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Student DIY Microphone Workshop
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  1. Student DIY Microphone Workshop A simple, yet effective, student-built, phantom-powered, DIY microphone project for use in school audio/visual labs. Recommended for Grades 4-12

  2. First, the Ground Rules: • Adult supervision is required. • Soldering irons are HOT! They melt metal and can easily burn skin. • Soldering should only be done by a qualified adult, and in a well-ventilated area away from the main assembly area. • Wear eye protection when cutting and stripping wires. • Assembly is not a race. Take your time to do it right.

  3. Microphone theory of operation • Sound is waves of air pressure moving back and forth. • A microphone has a very small, lightweight surface that vibrates in response to sound waves. • Those vibrations are converted to waves of electricity inside the microphone. The waves of electricity are called the “signal.” • The signal can be amplified through a speaker or recorded electronically. Amp

  4. Parts List • XLR connector • 47k Resistor • 0.1 μF Capacitor • Female micro-mini connector • Microphone capsule with connector

  5. Other items • A soldering iron • Solder • Wire clippers • Wire strippers • Safety Goggles • An audio mixer or microphone preamplifier with an XLR input that supplies 48V Phantom Power. Headphones too!

  6. Assembly Outline • Gather the parts on the list • Twist the capacitor and resistor together and cut the legs • Cut the red & black wires to 2-inches • Cut the black wire to 1-inch on the FEMALE connector • Strip the ends of the wires, and twist the ends • Bring your parts to the soldering table for soldering • Plug-in the capsule and Test the microphone • Assemble the microphone

  7. Step 1 Twist the resistor and capacitor together.

  8. Step 2 Cut the legs of the resistor and Capacitor to ¼ inch (6 mm)

  9. Step 3 Cut the red & black wires to 2-inches (5 cm).

  10. Step 4 Cut the black wire to 1-inch (2.5 cm) on the connector.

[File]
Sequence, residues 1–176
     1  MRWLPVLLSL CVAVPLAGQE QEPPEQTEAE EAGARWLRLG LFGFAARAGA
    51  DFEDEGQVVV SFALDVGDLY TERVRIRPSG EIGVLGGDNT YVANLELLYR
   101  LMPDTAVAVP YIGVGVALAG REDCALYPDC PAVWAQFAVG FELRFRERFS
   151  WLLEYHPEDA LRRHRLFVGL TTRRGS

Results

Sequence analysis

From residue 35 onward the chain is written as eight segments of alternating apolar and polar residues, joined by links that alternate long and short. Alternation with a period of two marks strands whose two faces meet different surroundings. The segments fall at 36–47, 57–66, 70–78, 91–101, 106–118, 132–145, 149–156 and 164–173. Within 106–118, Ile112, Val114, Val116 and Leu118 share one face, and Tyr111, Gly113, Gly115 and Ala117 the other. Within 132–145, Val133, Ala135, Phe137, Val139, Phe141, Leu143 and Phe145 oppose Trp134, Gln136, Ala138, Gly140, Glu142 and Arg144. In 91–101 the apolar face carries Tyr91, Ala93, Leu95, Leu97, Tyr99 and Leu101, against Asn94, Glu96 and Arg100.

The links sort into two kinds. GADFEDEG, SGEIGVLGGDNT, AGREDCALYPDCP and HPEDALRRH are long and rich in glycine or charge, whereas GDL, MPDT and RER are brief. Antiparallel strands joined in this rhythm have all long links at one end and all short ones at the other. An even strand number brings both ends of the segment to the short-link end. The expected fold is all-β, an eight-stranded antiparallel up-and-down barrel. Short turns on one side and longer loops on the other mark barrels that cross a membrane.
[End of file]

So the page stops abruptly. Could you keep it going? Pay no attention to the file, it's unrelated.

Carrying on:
11. Step 5 Strip the ends of the wires, and prepare for soldering by twisting the ends of each wire. NOTE: Practice on the extra wire first!!! Twist eachwire end Practice on the extra wire first Finished connector

  12. Step 6 Bring your parts to the soldering table for soldering. (Soldering must be done by an adult.) 3 2 1 Solder the resistor and capacitor where they are twisted together. Cut this soldered connection to ¼ inch (6 mm) Solder the black wire to this point. Solder the resistor to Pin 1 Solder the capacitor to Pin 3 Solder the red wire to Pin 2 c b a 47k 2 1 .1uF d 3 f e

  13. Step 7 Connect the connectors together and test the microphone. Test the microphone by plugging it into a preamplifier or mixer which delivers 48V phantom power. Listen through headphones or a speaker output. “Click!” • If your microphone doesn’t work, try one of these: • Wrap the black wire/cap/resistor connection in tape • Try another capsule • Make sure it is correctly wired to Pins 1, 2, & 3 • Verify phantom power is on • Try a different XLR cable • Check the volume of the amplifier

  14. Step 8 Assemble the microphone shell The black plastic parts are “keyed” so that they only fit one way into the metal shell.(Figures 1 & 2) Tighten the front and back together, so that the microphone element presses against the back of the rubber boot. (Figures 3 & 4) 1 Keys 3 4 2